British Possessions in North America.
1818 (undated) 20 x 27.5 in (50.8 x 69.85 cm)
Pinkerton's extraordinary 1818 map of the British Possessions in North America. Based on Arrowsmith's historic map of North America, this map covers the continent north of the 40th degree of latitude, including all of the territory currently claimed by Canada.
This fascinating map follows roughly 100 years of vigorous exploration of this region by adventurers in search of a navigable river and lake route from the Great Lakes to the Pacific. And yet, even after all of this exploration, much of the territory remains vague and uncertain. Details numerous river systems and lakes, some real, some fictional, between the Hudson Bay and the Rocky Mountains. Offers copious notations throughout, such as 'great quantities of coal in this creek' and 'Knistineaux war route.' Shows the Missouri River as far as the Mandan settlements where Louis and Clark wintered. Though the official narrative of Louis and Clark's historic journey had not been published when this map was in production, it is possible that Pinkerton had access to some preliminary accounts. Names several sightings of the Arctic Sea, far to the north, by the explorers Mackenzie and Hearne in the 18th century. The west coast, including Vancouver Islands, is particularly well mapped. Also notes numerous American Indian nations including the Knisteneaux (Cree), Blood, Cattanahowes, Snake, Assinpolls, Snake, Atnah, etc.
Drawn by L. Herbert and engraved by Samuel Neele under the direction of John Pinkerton. This map comes from the scarce American edition of Pinkerton's Modern Atlas, published by Thomas Dobson & Co. of Philadelphia in 1818.
John Pinkerton (1758-1826) was one of the leading masters of the Edinburgh school of cartography which flourished from roughly 1800 to 1830. Pinkerton & his contemporaries (Thomson & Cary) redefined European cartography by abandoning typical 18th century decorative elements such as elaborate title cartouches and fantastical beasts in favor of detail and accuracy. Pinkerton's principle work is the "Pinkerton's Modern Atlas" published from 1808 through 1815 with a special American reissue by Dobson & Co. in 1818. Today Pinkerton maps are becoming increasingly rare as they are highly admired for their unsurpassed quality, monumental size, vivid hand coloration, and flawless detail.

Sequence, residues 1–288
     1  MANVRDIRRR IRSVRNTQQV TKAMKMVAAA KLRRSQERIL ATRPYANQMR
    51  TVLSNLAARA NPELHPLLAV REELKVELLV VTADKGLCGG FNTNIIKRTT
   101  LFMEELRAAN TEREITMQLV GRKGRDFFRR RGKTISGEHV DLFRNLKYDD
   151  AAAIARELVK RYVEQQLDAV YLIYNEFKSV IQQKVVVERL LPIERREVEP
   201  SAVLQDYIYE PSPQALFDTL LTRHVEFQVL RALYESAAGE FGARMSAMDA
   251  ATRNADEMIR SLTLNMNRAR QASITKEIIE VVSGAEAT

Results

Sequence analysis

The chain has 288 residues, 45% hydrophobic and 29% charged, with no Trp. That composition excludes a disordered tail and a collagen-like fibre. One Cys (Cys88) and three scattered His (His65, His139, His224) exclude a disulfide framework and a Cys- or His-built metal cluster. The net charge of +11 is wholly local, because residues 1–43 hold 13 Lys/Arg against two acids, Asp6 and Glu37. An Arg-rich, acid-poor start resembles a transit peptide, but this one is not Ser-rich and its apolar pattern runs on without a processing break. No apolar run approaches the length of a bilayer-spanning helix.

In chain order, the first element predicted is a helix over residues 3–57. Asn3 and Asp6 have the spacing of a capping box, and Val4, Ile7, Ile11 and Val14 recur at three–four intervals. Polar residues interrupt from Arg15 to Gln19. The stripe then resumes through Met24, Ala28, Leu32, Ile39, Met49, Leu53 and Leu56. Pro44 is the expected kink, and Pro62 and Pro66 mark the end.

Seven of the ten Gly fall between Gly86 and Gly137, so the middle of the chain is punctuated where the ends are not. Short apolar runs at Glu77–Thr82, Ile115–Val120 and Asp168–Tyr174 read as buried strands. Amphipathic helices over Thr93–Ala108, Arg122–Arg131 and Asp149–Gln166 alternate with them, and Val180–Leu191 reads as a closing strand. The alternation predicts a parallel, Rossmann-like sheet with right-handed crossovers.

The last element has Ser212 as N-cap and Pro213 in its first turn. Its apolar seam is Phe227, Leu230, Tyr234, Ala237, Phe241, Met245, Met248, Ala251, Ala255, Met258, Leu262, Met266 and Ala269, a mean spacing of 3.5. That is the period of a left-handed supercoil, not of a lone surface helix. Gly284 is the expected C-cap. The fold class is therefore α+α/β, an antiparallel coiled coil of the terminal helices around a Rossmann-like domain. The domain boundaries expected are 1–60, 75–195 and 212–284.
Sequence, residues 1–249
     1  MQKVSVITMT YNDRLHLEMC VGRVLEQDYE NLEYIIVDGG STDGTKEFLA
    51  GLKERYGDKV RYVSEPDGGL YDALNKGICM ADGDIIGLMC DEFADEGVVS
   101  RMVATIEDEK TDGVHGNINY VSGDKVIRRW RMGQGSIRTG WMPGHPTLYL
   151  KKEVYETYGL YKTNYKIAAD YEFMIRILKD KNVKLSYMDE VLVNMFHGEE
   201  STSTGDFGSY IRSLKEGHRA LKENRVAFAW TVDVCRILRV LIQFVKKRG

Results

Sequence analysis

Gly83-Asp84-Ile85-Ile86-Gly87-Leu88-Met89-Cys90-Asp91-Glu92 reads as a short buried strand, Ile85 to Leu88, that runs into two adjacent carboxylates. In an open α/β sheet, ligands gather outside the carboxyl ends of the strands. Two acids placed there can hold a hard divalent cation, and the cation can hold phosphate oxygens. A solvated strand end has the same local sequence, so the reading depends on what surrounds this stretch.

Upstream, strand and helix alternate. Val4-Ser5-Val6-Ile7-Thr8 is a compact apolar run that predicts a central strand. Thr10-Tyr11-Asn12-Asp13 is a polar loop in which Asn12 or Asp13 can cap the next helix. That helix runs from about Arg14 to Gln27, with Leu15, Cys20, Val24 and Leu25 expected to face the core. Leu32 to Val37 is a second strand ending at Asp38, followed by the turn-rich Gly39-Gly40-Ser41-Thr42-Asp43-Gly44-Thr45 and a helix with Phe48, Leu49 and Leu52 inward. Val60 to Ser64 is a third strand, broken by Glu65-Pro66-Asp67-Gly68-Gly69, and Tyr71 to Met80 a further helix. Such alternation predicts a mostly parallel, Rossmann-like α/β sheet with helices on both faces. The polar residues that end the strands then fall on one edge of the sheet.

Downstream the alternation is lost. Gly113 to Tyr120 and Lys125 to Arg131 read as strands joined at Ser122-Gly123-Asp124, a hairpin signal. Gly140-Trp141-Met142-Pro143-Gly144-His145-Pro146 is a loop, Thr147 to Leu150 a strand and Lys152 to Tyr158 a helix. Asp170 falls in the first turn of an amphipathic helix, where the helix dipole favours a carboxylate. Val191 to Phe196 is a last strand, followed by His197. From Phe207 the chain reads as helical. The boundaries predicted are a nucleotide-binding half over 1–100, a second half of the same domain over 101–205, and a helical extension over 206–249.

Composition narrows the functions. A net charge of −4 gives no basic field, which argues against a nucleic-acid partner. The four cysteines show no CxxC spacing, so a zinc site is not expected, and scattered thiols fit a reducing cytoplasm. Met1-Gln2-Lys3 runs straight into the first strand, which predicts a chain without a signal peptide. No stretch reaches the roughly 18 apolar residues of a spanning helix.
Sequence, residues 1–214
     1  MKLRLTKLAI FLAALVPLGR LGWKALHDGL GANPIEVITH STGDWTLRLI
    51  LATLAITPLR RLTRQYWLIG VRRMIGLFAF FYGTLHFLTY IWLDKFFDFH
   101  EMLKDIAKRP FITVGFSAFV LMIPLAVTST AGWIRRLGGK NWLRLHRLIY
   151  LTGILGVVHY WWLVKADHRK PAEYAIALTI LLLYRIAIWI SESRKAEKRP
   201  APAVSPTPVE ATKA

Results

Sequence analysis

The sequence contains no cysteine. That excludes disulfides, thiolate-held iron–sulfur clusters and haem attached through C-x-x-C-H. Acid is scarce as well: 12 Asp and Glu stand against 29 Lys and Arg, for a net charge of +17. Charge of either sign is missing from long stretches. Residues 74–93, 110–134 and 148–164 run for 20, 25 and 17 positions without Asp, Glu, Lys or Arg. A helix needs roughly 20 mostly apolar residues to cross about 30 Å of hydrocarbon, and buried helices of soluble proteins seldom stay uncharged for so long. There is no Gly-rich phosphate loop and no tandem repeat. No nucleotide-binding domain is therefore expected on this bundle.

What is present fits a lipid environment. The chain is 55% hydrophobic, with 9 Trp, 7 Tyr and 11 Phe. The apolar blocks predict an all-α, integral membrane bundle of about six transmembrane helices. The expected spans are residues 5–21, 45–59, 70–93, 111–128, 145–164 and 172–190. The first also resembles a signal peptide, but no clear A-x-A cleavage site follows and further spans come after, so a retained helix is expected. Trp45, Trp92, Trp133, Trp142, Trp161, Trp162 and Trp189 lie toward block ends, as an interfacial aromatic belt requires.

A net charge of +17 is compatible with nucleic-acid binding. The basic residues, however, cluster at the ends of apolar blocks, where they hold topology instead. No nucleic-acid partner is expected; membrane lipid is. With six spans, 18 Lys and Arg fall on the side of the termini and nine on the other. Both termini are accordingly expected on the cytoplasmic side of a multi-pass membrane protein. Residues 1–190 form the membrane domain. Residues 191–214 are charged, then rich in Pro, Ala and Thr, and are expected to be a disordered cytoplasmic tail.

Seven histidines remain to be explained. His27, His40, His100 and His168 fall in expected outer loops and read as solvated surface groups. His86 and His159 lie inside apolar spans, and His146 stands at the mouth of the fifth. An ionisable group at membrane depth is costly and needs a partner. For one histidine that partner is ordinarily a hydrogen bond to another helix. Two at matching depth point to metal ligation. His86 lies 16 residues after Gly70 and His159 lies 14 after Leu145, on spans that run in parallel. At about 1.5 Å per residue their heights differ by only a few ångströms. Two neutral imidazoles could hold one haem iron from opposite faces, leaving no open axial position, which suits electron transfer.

Thomas Dobson was an American publisher active in Philadelphia during the late 18th and early 19th centuries. Dobson was born in Edinburgh, Scotland in 1751 and emigrated to Philadelphia c. 1780. In Philadelphia, he established a successful printing business by republishing edited and updated versions of important British reference materials in matching quality but at a much lower price point. He is best known for publishing the first American edition of the Encyclopedia Britannica. He also published America's first Hebrew Bible. Cartographically Dobson's most notable work is 1818 republication of Pinkerton's fantastic Modern Atlas.
Pinkerton, J., A Modern Atlas, from the Lates and Best Authorities, Exhibiting the Various Divisions of the World with its chief Empires, Kingdoms, and States; in Sixty Maps, carefully reduced from the Larges and Most Authentic Sources. 1818, Philadelphia, Thomas Dobson Edition.
Good condition. Mild to moderate damp staining in lower quadrants Original centerfold. Blank on verso.
Rumsey 0732.046. Phillips (America), p. 195. Phillips (Atlases) 724. National Maritime Museum, 409.